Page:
Statue of Liberty
Bartholdi's Inspiration for Liberty
In a promotional pamphlet aimed at raising funds for Liberty’s pedestal, Bartholdi described how he decided where the sculpture should be erected.
[A]t the view of the harbor of New York the definite plan was first clear to my eyes. The picture that is presented to the view when one arrives at New York is marvelous: when, after some days of voyaging, in the pearly radiance of a beautiful morning is revealed the magnificent spectacle of those immense cities, of those rivers extending as far as the eye can reach, festooned with masts and flags; when one awakes, so to speak, in the midst of that interior sea covered with vessels, some giants in size, some dwarfs, which swarm about, puffing, whistling, swinging the great arms of their uncovered walking-beams, moving to and fro like a crowd upon a public place. It is thrilling. It is, indeed, the New World, which appears in its majestic expanse, with the ardor of its glowing life. Was it not wholly natural that the artist was inspired by this spectacle? Yes, in this very place shall be raised the Statue of Liberty, grand as the idea which it embodies, radiant upon the two worlds. -- Bartholdi, "The Statue of Liberty Enlightening the World" (1885)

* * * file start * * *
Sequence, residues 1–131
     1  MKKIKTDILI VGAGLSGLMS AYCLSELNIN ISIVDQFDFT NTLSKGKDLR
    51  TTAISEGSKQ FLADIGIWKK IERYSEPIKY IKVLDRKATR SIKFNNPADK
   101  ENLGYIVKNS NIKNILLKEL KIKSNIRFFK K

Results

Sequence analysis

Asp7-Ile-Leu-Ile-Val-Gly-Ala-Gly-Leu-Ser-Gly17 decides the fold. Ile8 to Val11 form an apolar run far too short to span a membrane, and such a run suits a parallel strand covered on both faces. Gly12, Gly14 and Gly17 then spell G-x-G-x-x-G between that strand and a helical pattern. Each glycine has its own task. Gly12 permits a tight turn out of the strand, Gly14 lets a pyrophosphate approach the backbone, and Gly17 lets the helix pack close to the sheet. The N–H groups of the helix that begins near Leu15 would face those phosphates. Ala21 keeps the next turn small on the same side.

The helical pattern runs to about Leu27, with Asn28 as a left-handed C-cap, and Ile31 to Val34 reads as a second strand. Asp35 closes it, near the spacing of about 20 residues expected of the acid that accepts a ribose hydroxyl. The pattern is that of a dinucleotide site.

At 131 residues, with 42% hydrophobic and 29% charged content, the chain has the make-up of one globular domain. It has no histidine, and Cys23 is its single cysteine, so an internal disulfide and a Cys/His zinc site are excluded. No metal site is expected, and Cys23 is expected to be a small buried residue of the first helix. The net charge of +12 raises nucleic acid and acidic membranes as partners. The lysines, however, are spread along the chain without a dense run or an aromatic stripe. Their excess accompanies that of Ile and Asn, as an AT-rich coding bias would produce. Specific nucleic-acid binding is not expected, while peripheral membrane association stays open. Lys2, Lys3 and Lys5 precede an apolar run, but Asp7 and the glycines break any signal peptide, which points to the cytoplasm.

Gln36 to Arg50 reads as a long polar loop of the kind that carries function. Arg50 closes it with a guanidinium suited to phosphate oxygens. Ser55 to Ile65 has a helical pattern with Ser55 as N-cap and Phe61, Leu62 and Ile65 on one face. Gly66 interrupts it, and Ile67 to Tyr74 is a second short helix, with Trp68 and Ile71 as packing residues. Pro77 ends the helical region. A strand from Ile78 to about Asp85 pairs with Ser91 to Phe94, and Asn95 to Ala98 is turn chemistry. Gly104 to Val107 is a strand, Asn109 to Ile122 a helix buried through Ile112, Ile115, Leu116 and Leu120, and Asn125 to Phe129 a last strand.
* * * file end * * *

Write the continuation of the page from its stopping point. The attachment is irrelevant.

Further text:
Dedication of Liberty, 1886
Joseph Pulitzer, who ran the sensationalist New York World and later funded the Jefferson sculpture, played a major role in raising funds for the pedestal of the Statue of Liberty. His effort was acknowledged with one of two gold rivets on Liberty’s toe: the other was in honor of Bartholdi. I have a hankering (which will probably never be fulfilled) to see those gold rivets.
Centennial of the Statue of Liberty
When the centennial of Liberty was celebrated in 1986, Tom Wolfe wrote a brilliant satirical essay, “The Copper Goddess,” describing the sort of statue that would have been in the harbor had this project been undertaken in our day, in accordance with the decrees of contemporary critics about the nature of sculpture. Wolfe concluded that a present-day Liberty would look like Richard Serra's Tilted Arc, a rusting eyesore removed from the plaza of Manhattan’s Jacob Javits Federal Building in 1989 following a petition the building's workers, in spite of the artist's objection that it was a "site-specific" work that would lose its meaning if erected anywhere else.
The music for the segment setting the context of Liberty’s conception is, appropriately, variations on “America the Beautiful.”
The Progress of the Century
In 1876, for the centennial of the United States, Currier & Ives produced this dense summary of the technological marvels of the Industrial Age.
The steam-powered press helped make printed material widely affordable beginning in the 1810s, which Bennett and Greeley used to their advantage. The telegraph, developed by Samuel Morse in the 1840s, spread news far and fast, as Sherman knew to his dismay. From 1807, the steamboat moved goods on the water. Beginning in the 1830s, the locomotive made possible the movement of people and goods across the American continent (Cooper, Holley, Vanderbilt, Glory of Commerce, Rea).
In his native France, Bartholdi (1834-1904) was famous for the Lion of Belfort, 1875-1880. Manhattan has Marquis de Lafayette, 1873, Statue of Liberty, 1886, and Lafayette and Washington, 1890 (114th Street and Manhattan Avenue, at Morningside Avenue).
Cross References & Further Reading
Copyright (c) 2013 Dianne L. Durante